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‘Passing baton’: Longtime owner to sell Twin Oaks Tennis Club

STORY BY RAY MCNULTY (Week of April 13, 2023)

Longtime Central Beach resident Alain Mignolet never thought he would sell the Twin Oaks Tennis Club where he has taught many of Vero’s most promising junior players since the early 1990s.

But at age 68, after more than three decades of owning and operating the club, health concerns – combined with the right price at the perfect time from an enthusiastic buyer – convinced Mignolet to accept Kaye Manly’s offer.

So, if all goes as planned this week, Twin Oaks will have a new owner ready to spend big money to completely renovate the cozy, seven-court complex on Sixth Avenue, just north of 12th Street.

“Barring any unexpected delays,” Manly said last week, “we’ll close on Friday and I’ve got a landscaper scheduled to come by on the 15th.”

Neither Manly nor Mignolet would divulge the selling price of the 1.9-acre property and business – the club has more than 75 current members – but Mignolet said money was not the deciding factor.

In fact, he said he received four “reasonable” offers from prospective buyers, including one who followed him from the clubhouse to the parking lot, waving a check.

“The club was never actually on the market, but people kept approaching me,” Mignolet said. “I guess they heard I was thinking about selling because of my health issues.

“At the end of the day, though, it didn’t come down to money,” he added. “It came down to someone who was committed to not only improving the club but also keeping all of my staff.

“Of all the potential buyers, Kaye was the best fit.”

Also, Mignolet said, Manly told him he’s welcome to return to the club to teach when his health improves.

That could be a while, however.

For months now, Mignolet has been undergoing medical examinations, subjecting himself to a barrage of tests and taking injections in hopes of identifying the cause of – and curing – the pain in his back and neck, weakening of his leg muscles, loss of balance and reduced motion of his right arm.

He said doctors have told him the symptoms, which prevent him from being on the tennis court and even stringing rackets, are not related to the spinal surgery he underwent last summer.

Based on the varying diagnoses, Mignolet believes he is suffering from multiple health issues. He said he has been told by specialists that he might need at least two more surgeries, plus additional injections, MRIs and other tests.

“I spent 30 years doing everything here – working seven days a week on the court, putting down 80-pound bags of clay, hanging windscreens, repairing sprinklers, painting …,” Mignolet said.

“When I bought this place from the bank, it was a mess,” he continued. “It took years to fix everything, even after the club opened. Now, I no longer have the ability to do what I used to do.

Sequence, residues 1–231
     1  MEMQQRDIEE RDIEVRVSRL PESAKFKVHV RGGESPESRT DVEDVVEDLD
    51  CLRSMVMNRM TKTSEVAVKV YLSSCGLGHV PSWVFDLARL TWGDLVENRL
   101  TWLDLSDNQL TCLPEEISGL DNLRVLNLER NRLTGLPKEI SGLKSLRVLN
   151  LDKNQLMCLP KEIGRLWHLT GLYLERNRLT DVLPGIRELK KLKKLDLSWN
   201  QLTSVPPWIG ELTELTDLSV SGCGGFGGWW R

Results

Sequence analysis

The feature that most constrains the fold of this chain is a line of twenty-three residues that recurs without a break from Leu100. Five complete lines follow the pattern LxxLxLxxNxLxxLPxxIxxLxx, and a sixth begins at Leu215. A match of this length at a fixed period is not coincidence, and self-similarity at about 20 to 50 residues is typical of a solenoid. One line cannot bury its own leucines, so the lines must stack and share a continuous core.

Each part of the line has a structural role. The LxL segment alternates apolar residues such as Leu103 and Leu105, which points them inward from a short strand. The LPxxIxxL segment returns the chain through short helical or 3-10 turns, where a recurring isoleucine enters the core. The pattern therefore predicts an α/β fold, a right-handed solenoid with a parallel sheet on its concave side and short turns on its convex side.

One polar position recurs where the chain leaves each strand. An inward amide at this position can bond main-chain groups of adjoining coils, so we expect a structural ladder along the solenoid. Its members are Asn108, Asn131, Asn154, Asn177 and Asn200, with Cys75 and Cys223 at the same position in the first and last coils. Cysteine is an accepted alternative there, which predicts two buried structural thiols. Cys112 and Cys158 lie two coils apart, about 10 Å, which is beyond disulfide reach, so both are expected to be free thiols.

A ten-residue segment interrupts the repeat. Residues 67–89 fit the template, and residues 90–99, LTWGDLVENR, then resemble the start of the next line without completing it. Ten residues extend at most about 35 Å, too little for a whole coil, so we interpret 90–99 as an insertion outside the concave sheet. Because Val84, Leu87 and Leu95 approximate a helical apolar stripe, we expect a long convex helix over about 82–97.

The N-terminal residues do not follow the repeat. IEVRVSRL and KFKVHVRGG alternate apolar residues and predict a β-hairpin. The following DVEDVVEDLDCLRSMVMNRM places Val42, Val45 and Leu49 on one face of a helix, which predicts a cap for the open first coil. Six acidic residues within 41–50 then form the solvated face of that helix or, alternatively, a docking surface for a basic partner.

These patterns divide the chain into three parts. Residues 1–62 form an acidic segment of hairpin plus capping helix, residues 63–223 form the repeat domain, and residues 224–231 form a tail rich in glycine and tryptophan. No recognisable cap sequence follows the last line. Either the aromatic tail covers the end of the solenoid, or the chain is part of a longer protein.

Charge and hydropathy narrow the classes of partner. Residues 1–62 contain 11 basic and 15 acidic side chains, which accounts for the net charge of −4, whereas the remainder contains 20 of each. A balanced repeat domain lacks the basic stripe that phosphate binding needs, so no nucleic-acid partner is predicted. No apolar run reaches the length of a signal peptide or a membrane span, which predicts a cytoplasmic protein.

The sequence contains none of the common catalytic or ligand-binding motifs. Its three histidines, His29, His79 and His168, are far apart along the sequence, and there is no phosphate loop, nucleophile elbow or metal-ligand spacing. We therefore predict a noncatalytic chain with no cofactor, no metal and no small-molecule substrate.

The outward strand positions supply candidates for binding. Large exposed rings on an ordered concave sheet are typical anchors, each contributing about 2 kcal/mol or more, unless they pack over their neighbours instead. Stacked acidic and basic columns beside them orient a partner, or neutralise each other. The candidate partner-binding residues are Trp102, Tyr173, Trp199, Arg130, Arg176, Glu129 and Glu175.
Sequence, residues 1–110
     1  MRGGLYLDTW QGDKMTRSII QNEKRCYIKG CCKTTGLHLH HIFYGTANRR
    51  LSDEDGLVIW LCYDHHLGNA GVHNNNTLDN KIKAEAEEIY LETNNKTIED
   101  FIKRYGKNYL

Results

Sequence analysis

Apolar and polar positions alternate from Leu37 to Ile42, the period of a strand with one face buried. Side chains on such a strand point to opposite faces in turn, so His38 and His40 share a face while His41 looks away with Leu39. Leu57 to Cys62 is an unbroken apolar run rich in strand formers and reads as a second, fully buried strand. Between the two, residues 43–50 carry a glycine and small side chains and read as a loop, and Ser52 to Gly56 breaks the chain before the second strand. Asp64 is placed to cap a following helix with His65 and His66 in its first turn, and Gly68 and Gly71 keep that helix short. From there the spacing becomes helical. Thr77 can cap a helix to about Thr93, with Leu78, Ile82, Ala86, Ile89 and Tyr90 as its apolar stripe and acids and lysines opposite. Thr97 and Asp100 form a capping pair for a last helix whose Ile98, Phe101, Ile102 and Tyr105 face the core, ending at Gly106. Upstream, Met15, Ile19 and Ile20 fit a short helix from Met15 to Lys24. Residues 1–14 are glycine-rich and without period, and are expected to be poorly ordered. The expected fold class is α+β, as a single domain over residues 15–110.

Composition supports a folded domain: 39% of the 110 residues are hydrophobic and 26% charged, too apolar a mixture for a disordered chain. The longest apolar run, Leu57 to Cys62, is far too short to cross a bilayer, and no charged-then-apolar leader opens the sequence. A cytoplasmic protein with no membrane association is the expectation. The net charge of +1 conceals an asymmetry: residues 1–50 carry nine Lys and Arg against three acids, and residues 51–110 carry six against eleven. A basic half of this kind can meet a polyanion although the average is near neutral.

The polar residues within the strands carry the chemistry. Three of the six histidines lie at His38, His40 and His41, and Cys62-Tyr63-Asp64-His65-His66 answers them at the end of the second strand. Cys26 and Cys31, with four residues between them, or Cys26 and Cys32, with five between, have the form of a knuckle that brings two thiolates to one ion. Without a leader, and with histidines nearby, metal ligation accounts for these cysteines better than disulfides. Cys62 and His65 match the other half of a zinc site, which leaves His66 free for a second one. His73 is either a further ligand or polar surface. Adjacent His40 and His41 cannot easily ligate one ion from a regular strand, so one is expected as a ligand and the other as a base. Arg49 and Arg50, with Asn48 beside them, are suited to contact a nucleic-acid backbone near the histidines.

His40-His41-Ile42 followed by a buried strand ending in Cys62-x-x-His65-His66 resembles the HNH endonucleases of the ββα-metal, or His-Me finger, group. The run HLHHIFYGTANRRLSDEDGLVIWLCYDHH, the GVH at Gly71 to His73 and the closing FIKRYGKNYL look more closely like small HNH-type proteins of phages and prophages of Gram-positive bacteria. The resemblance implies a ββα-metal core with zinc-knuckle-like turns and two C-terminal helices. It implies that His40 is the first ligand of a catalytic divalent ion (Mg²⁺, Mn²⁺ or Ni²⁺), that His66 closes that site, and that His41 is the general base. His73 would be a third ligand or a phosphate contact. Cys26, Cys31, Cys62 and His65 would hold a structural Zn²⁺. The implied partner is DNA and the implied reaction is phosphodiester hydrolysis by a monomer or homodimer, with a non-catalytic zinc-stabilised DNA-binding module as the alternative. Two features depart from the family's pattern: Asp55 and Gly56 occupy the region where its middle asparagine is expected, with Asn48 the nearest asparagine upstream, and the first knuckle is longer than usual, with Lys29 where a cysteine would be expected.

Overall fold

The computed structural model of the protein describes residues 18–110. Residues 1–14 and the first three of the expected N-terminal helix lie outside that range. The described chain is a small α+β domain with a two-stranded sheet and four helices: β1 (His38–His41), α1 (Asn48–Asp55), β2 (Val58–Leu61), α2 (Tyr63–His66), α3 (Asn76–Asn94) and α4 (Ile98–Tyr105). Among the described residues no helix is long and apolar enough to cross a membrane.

“As recently as the start of the year, I was not looking to sell and wasn’t planning to sell,” he added. “And if I were healthy, I wouldn’t be selling. But my body can’t keep up with my mind.”

As Mignolet’s role has diminished, he has relied heavily on Yohann Prinsen, a 25-year-old fellow Belgian he brought to Vero Beach three years ago, after first convincing him to play college tennis in the U.S.

Prinsen, who played for – and graduated from – Idaho State University, has moved into Mignolet’s home and essentially has been running Twin Oaks’ operations, allowing his boss to focus on his health.

It was Prinsen who developed a tennis relationship with Manly, 71, who moved from Vermont to Vero Beach four years ago, plays six days each week and continues to take lessons from him.

And it was Prinsen whom Manly approached in December, when Mignolet began getting offers, with her interest in buying and renovating the club.

“The first time I came to Twin Oaks to hit with Yohann early last year, I walked in, looked around and thought about all the ways the club could be improved,” said Manly, who has a history of taking on building renovation and restoration projects.

“I didn’t get serious about it, though, until Alain began contemplating selling,” she added. “That’s when I asked Yohann if he planned to be here a while and whether he would be interested in working with me to make the place better.

“He said he was, and that’s when I told Yohann to take my idea to Alain.”

Manly was aware that other potential buyers had made inquiries, even offers, but she was willing to retain Prinsen and the rest of Mignolet’s staff.

“I knew there were other people interested in buying, but I also knew nobody else would be able to meet Alain’s specific requests,” she said. “And Alain realized he’d never get a better offer.”

If Twin Oaks sells as expected, Prinsen will be the club’s tennis director and oversee its operations.

“Of all the pros I’ve brought in here, Yohann is the best,” Mignolet said. “He’s intelligent, hardworking and personable. This is a great opportunity for him, and Kaye is so lucky to have him.

“I’m passing the baton.”

As for Manly, who worked professionally as a nurse anesthetist, she’s excited about embarking on her new venture.

“It’s a challenge, and I’m up for it,” said Manly, who described herself as a 3.0- to 3.5-level tennis player. “I love to play, but I never thought about owning a club. That’s not my motivation. For me, it’s about the project.”

“I’ve always seen this club as something I wanted to save – something to recreate, something this community needs,” she added. “So we’re going to do it, and we’re going to do it right.”